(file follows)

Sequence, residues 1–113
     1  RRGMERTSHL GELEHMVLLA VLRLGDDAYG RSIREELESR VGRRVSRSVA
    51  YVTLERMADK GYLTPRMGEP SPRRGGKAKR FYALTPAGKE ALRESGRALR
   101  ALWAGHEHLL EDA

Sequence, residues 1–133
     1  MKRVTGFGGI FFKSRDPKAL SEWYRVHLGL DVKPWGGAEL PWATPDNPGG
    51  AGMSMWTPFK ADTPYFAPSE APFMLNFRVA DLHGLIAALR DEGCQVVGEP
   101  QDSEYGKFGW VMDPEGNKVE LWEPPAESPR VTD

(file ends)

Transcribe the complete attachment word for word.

Sequence, residues 1–113
     1  RRGMERTSHL GELEHMVLLA VLRLGDDAYG RSIREELESR VGRRVSRSVA
    51  YVTLERMADK GYLTPRMGEP SPRRGGKAKR FYALTPAGKE ALRESGRALR
   101  ALWAGHEHLL EDA

Sequence, residues 1–133
     1  MKRVTGFGGI FFKSRDPKAL SEWYRVHLGL DVKPWGGAEL PWATPDNPGG
    51  AGMSMWTPFK ADTPYFAPSE APFMLNFRVA DLHGLIAALR DEGCQVVGEP
   101  QDSEYGKFGW VMDPEGNKVE LWEPPAESPR VTD